Courtesy of Cora Galpern.

Conversations around antisemitism on campus often flare up in conjunction with reports of increased violence in Israel and Palestine. The discourse that arises typically positions Palestinians and their allies against the Zionist Jewish community. As a Jewish student who doesn’t identify as a Zionist and routinely criticizes the Israeli government, I often feel that conversations about antisemitism on campus have more to do with silencing Palestinians than protecting Jews. 

On parents weekend, when my dad picked up a Ziploc bag filled with flyers that blamed Jews for COVID and accused them of child grooming and controlling the media, I was incredibly surprised and disturbed. This was the most blatant and upsetting act of antisemitism I have personally witnessed, and the distribution of these flyers on Erev Rosh Hashanah was particularly hurtful.

While I have been struggling with the incident because it was jarring to see such hateful messaging, my anger and sadness extends beyond the flyers. I’m upset that the majority of conversations about antisemitism are obscured by fights over whether or not it is acceptable to criticize the Israeli government — taking attention away from the severity of these harmful and violent acts. I have witnessed Zionist students heckle and boo Palestinian students at the Apartheid Wall on the Diag and deface the Palestinian flag on the Michigan Rock. I believe these actions undermine the fight against true antisemitism.

I think the most important consideration when assessing whether or not something is antisemitic is the impact it has on Jewish safety. Organizations like AIPAC have blurred the lines between Jewish safety and the existence of a Jewish state by positioning unequivocal support for Israel as the sole qualifier for the safety of the Jewish people. Their methods of “preserving” the U.S.-Israel relationship have imperiled American democracy through their endorsement of dozens of insurrectionist Republicans who refused to certify the results of the 2020 election. In Democratic primaries this election cycle, they poured more than $21 million to elect “pro-Israel” candidates, most notably intervening in Michigan’s 11th-district race between incumbents Andy Levin and Haley Stevens.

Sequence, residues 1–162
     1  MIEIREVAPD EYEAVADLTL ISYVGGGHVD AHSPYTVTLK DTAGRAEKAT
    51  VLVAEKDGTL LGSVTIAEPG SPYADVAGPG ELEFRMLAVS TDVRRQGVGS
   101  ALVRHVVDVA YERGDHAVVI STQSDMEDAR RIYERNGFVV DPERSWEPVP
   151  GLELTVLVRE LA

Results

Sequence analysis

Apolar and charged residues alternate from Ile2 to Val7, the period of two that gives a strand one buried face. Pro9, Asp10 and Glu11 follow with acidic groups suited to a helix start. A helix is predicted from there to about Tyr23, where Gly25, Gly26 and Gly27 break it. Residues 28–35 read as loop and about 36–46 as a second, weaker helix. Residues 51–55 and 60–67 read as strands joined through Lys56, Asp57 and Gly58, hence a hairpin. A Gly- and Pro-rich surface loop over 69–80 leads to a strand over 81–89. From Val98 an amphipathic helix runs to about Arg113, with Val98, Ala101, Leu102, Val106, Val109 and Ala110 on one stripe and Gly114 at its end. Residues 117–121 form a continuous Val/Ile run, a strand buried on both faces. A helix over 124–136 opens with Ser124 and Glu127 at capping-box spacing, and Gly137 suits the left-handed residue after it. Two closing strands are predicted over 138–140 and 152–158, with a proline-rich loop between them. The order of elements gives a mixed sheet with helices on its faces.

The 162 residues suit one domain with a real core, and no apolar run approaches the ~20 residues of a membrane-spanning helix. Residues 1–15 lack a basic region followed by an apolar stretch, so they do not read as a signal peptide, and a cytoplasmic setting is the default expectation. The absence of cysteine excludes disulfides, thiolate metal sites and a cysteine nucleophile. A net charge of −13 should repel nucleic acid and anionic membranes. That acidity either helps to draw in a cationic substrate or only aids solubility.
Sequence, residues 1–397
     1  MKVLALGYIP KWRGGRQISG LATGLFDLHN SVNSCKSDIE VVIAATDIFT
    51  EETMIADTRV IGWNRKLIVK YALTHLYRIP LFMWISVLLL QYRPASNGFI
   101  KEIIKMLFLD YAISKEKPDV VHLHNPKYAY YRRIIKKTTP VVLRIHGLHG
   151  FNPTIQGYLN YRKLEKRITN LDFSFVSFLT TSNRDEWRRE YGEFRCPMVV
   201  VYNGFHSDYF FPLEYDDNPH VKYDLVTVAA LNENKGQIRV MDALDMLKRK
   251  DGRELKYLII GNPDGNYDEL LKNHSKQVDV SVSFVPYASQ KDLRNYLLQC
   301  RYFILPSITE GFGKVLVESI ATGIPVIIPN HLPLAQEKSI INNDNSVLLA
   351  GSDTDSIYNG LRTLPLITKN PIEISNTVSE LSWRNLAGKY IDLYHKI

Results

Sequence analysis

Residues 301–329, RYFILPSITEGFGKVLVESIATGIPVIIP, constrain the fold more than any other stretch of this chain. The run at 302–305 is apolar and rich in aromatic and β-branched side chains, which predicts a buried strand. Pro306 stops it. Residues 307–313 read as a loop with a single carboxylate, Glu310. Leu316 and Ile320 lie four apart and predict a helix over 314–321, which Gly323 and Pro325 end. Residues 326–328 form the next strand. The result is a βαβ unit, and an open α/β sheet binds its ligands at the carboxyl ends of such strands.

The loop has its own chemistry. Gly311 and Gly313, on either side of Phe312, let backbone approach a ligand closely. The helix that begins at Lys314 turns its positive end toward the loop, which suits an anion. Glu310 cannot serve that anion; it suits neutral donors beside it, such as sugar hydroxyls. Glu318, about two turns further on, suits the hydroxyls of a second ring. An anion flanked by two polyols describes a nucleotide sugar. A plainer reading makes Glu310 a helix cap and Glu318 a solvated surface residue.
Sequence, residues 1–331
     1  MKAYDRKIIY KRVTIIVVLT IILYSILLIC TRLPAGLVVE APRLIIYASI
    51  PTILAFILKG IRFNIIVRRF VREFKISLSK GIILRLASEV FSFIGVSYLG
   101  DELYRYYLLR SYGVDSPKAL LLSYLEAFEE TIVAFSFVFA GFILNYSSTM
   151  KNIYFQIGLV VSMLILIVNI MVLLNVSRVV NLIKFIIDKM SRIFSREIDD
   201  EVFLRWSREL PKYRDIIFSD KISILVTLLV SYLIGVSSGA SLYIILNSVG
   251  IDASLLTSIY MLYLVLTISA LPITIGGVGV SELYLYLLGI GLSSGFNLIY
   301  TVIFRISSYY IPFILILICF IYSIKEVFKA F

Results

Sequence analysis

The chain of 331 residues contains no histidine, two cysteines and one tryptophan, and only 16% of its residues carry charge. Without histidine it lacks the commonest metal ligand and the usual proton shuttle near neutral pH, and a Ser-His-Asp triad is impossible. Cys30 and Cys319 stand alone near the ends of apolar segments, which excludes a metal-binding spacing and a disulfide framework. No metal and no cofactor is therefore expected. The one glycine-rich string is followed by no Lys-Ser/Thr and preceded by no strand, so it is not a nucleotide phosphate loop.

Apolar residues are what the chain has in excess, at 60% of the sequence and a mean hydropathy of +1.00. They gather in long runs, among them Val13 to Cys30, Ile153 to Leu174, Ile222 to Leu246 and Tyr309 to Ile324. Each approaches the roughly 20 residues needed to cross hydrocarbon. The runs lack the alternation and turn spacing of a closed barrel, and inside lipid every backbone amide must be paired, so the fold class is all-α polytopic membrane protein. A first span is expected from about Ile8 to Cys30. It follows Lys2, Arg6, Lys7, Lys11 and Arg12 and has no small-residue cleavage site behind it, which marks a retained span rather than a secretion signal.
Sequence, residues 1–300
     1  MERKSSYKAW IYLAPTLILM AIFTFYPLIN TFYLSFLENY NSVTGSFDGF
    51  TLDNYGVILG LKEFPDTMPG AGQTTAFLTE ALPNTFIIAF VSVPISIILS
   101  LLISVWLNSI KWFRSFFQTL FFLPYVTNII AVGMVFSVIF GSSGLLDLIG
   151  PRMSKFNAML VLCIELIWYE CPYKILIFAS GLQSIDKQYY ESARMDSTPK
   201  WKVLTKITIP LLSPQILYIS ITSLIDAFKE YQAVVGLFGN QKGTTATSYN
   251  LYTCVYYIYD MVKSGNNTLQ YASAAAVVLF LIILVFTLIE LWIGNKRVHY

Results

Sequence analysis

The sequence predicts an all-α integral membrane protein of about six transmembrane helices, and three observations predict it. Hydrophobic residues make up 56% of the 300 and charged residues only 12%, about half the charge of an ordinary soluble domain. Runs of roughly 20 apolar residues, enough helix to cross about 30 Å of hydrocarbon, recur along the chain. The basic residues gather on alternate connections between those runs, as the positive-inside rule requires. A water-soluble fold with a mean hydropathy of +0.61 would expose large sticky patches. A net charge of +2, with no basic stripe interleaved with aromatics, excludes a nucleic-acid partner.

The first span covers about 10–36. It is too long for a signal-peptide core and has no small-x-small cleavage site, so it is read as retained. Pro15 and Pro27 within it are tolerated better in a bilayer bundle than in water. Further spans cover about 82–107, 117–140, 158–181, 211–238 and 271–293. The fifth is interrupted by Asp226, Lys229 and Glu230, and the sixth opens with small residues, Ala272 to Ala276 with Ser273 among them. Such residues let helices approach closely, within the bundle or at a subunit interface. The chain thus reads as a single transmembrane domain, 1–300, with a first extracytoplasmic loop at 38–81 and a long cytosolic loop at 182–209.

AIPAC began targeting Levin and his re-election campaign after his sponsorship of H.R. 5344, a bill that would prevent American military aid to Israel from being used in human rights violations. In an email endorsing Stevens, former AIPAC president David Victor called Levin (who is Jewish) the “most corrosive member of Congress to the US-Israel relationship” and “more damaging than Rashida Tlaib and Ilhan Omar.” This statement, in addition to being deeply Islamophobic, highlights right-wing pro-Israel advocates’ fundamental misunderstanding of how the relationship between the U.S. and Israel connects to antisemitism. Jews in America are not safer simply because the American government writes Israel a blank check. Jews in America are safer when the fight against antisemitism is intersectional and encompasses other forms of oppression, including Islamophobia and violence towards Palestinians.

Jewish safety extends beyond establishing a singular geographical space for our community to call home. It requires a broader understanding of safety for all marginalized groups and a commitment to making places other than Israel safe for Jews as well. My hope is that conversations around antisemitism are focused on insidious acts like the flyers my parents and I received last weekend, and that — when conversations critiquing the Israeli government arise — Jewish students on campus are able to listen empathetically to Palestinian students. As I’ve reflected during the 10 days of repentance between Rosh Hashanah and Yom Kippur, I am reminded both of the scary and imminent danger presented by antisemitism and the importance of confronting all forms of bigotry and oppression to build a safer world for everyone.

Cora Galpern is a senior in LSA and can be reached at

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